Monday, January 21, 2008

Antarctic Vehicles

There are quite a variety of vehicles around McMurdo that help us get our work done. There are no cars here, only trucks and other utility vehicles. Some vehicles here are similar to those you'd find in the U.S., but bigger and badder! They have to be specially built to handle the weather and terrain of Antarctica. Other vehicles are unique, and you won't find them anywhere else!

We have a lot of pick-up trucks here for carrying cargo and supplies between buildings. Our pick-up trucks have bigger wheels, and the bodies are jacked up off the wheels. Larger wheels have more surface area in contact with the ground than smaller wheels. That means that the weight of the truck and the cargo are spread over a greater area, lessening the chance of sliding on the ice or loose gravel. All of the trucks are 4-wheel drive, and have special brakes that keep them from sliding when parked.

We also have taxis here at McMurdo for carrying people around town or between stations. These are not the yellow taxis like you'd find in the U.S., but 4x4 vans with big wheels!

Sometimes the trucks have special track wheels put on (like what bulldozers have, but smaller). These trucks are called mat tracks, and are used to drive over the transition onto the sea ice. The track wheels can span crevices in the ice and keep good traction with the ground, so are safer than normal wheels for traveling on ice.

My favorite Antarctic vehicle is the piston bully. Piston bullies are used like pick-up trucks, but have a long track that allows them to drive in deep snow.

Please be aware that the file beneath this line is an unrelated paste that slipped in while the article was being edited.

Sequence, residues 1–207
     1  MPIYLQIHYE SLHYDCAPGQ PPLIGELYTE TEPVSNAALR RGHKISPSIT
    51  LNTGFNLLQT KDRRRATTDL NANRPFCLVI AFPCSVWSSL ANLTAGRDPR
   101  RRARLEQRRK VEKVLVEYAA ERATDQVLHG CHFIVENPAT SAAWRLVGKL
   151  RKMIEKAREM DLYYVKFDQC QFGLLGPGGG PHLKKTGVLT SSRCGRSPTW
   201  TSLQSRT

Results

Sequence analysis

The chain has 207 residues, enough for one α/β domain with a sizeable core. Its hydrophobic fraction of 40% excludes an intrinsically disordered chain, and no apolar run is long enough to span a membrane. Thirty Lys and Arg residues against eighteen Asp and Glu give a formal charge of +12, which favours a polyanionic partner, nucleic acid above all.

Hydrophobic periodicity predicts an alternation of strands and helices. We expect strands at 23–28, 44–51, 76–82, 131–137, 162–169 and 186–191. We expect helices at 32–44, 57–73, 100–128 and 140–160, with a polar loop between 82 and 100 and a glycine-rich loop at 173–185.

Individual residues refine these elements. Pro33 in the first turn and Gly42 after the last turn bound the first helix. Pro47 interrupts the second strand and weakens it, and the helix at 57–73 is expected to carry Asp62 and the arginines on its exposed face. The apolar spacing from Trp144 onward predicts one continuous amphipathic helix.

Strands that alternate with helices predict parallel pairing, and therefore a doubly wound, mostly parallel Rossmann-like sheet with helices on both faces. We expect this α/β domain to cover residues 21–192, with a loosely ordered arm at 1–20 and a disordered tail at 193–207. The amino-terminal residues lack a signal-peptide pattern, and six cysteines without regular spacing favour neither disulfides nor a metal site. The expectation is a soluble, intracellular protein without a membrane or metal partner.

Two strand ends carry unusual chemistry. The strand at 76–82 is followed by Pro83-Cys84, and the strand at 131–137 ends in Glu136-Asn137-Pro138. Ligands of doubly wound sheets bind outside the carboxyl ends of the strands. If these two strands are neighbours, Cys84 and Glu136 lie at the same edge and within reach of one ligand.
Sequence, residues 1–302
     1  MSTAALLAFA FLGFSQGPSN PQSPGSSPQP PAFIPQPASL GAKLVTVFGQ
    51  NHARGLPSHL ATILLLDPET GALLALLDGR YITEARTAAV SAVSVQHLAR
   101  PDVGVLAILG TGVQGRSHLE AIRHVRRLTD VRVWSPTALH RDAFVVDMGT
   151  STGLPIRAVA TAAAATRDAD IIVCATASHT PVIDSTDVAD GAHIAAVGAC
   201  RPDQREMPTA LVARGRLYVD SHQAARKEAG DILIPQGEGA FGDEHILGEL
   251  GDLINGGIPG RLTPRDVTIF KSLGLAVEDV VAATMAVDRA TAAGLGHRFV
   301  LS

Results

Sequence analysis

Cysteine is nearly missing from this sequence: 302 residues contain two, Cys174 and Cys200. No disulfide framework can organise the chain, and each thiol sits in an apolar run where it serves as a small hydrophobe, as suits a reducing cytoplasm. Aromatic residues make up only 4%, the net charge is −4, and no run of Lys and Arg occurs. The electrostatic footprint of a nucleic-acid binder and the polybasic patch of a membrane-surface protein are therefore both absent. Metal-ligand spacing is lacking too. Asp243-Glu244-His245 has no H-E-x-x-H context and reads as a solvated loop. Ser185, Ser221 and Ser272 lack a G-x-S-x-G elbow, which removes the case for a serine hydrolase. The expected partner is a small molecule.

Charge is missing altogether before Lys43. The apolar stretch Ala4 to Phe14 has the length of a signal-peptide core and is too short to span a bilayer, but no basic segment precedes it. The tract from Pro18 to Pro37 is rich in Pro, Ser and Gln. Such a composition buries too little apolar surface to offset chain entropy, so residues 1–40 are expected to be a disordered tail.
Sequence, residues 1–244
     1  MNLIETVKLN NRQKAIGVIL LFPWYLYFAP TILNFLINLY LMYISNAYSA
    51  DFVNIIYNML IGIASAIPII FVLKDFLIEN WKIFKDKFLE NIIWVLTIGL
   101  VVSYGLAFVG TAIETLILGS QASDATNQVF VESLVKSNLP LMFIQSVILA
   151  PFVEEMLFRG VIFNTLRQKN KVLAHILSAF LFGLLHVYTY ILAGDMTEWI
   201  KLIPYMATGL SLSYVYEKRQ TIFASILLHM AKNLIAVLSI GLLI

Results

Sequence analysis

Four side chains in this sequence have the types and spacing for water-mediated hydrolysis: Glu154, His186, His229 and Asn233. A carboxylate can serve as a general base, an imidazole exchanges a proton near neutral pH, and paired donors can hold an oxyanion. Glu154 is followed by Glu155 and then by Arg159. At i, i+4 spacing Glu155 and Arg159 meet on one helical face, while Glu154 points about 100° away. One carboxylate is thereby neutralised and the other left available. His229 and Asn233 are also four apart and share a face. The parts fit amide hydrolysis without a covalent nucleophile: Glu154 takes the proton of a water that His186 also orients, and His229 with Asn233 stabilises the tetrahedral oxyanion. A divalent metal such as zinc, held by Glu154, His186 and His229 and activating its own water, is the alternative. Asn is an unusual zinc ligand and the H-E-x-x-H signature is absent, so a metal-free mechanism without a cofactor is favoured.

There are also other types of transport trucks that are special to McMurdo. Delta's are used to transport people on the ice roads out of McMurdo. You can take the Delta to get to the air fields, the New Zealand research base nearby, field camps on the ice, and other places on the sea ice. The tires are HUGE (taller than a second grader!). When you ride in the back of a Delta, you have to wear a seat belt. They're so tall that they rock very far when going over large bumps and cracks. If you're not wearing a seatbelt, you slide right out of your seat!
One of my favorite special transport vehicles is the terrabus. This bus carries people to and from the landing strip at Pegasus air field (which is where the plane lands to take us to and from New Zealand). Its name is Ivan the Terrabus. He moves very slooooooowly, but can carry a lot of people across the sea ice.
And, of course, there's my absolute favorite way to commute to work in the morning: helicopter! We have two types of helicopters here. Bell 212's are bigger helo's that can carry up to 8 people and a lot of cargo. A-Star's are smaller. They only carry a couple of people and not as much weight as a 212. But, I prefer A-Stars, because you can sit up front with the pilot!

Tomorrow morning, Elizabeth and I head back into the field to stay for 5 days at Lake Fryxell. We will use a variety of these vehicles to get us there!

[Photo credit: truck photos from 77DegreesSouth and B-518-M.]